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University of Arkansas takes top honors at weed contest

Students from eight universities participated in the annual Weed Contest hosted by the Southern Weed Science Society. The contest aims to test students’ practical weed science skills.
Southern Weed Science Science Society held 40th Weed Contest in Stoneville, Miss.

The University of Arkansas weed science team took home the “Broken Hoe” trophy again — placing first in the 2021 Southern Weed Science Society Weed Contest. Additionally, U of A team member Lawson Priess was the contest’s overall individual winner. 

The SWSS Weed Contest was held in August at the Corteva Agriscience Research Center in Stoneville, Miss. Drew Ellis, field scientist with Corteva, headed up the event. 

“The Weed Contest is an experience students won’t get anywhere else,” Ellis said. “It is great preparation for the job market. Whether they’re planning to pursue careers in industry or academia, they see a little bit of everything in this competition.” 

Nearly 40 graduate students from eight universities competed in this intensive contest that involves many aspects of weed management, including weed identification, herbicide symptomology and sprayer calibration.  

Students also participated in a mock field scenario where they had 15 minutes to evaluate a real field situation and recommend the most effective legal remedy. Each contestant assumed the role of a chemical representative, crop consultant or Extension specialist. They were judged on how accurately they diagnosed the situation and how well they interacted with the “farmer” in the scenario. Each student solved two farmer problems, one involving rice and the other grain sorghum. 

A mystery event rounded out the competition. Teams were not advised of the area of study prior to the contest. 

Students worked together as a team on sprayer calibration and the mystery event but competed individually in the other sections. Individual point totals were added to team event scores to calculate a team’s overall score. 

Ginger RowseySWSS Contest Lawson Priess-web.jpeg

Lawson Priess from the University of Arkansas was the overall individual winner of the 2021 SWSS Weed Contest. He also took first place in the Herbicide Symptomology section of the competition.

During the awards recognition meeting, Ellis said the 2021 contest was one of the closest in SWSS Weed Contest history with Arkansas edging out Virginia Tech by just two-tenths of a point.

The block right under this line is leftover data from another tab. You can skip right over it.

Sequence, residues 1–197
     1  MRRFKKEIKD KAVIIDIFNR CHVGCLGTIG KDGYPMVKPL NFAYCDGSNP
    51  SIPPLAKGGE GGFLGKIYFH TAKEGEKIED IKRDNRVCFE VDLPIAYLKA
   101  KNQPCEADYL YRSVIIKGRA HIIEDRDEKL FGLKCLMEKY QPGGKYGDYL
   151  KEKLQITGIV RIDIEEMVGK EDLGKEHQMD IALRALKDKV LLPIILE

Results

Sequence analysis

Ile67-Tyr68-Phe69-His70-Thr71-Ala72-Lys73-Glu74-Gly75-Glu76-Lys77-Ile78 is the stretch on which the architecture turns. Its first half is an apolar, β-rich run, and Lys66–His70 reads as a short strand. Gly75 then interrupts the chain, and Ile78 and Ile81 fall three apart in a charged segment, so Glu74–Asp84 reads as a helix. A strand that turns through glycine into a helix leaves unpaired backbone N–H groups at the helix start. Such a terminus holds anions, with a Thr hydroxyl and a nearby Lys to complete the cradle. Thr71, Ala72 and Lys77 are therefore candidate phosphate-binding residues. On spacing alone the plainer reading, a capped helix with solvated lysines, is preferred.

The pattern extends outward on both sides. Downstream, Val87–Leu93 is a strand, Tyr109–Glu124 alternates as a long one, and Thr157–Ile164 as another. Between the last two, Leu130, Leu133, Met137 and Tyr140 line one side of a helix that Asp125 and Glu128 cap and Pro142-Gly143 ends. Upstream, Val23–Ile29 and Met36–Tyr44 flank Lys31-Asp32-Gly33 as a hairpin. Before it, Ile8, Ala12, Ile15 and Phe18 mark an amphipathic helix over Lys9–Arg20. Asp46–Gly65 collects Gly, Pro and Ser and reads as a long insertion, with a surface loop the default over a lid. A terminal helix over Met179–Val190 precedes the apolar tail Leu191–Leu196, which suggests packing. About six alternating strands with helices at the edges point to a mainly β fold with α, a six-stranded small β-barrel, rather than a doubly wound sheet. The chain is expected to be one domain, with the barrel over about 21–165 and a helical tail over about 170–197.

The first SWSS Weed Contest was held in 1980. It has taken place every summer since, with the exception of 2020. Participation was limited this year due to COVID-19 safety guidelines. 

Contest winners 

1st Place Team – University of Arkansas 

2nd Place Team – Virginia Tech University 

3rd Place Team – Louisiana State University 

1st Place Individual – Lawson Priess, U of A 

2nd Place Individual – Mason Castner, U of A 

3rd Place Individual – Eli Russell, Virginia Tech 

1st Place Team Calibration – University of Tennessee 

1st Place Mystery Event – Texas A&M 

1st Place Individual Calibration (tie) – Delaney Foster, UT, and Eli Russell, Virginia Tech 

1st Place Herbicide Symptomology – Lawson Priess, U of A 

1st Place Weed ID – Connor Webster, LSU 

1st Place Farmer Problem – Hannah Wright, University of Georgia 

Arkansas dominance continues 

Out of the 40 Weed Contests that have taken place, U of A has won all but nine of them, according to Jason Norsworthy, Distinguished Professor and Elms Farming Chair of Weed Science for U of A. Norsworthy is also the U of A weed team coach along with Nilda Burgos.  

“We take this contest extremely seriously,” Norsworthy said. His students spend many evenings and weekends practicing for the weed contest. He estimates most put in 70 to 80 hours a week between their graduate research projects and contest preparation. 

Drew EllisArkansas copy.jpg

The University of Arkansas weed science team won the SWSS Weed Contest. Pictured l-r Tristan Avent, Mason Castner, Pamela Carvalho-Moore and Lawson Priess.

“I’m really excited about this group, and I appreciate their commitment to improving their skills,” Norsworthy said. “They are gaining practical experience that will be so beneficial as they prepare to enter the job market.” 

Arkansas team members were Lawson Priess, Mason Castner, Pamela Carvalho-Moore, Tristen Avent and Maria Zaccaro. 

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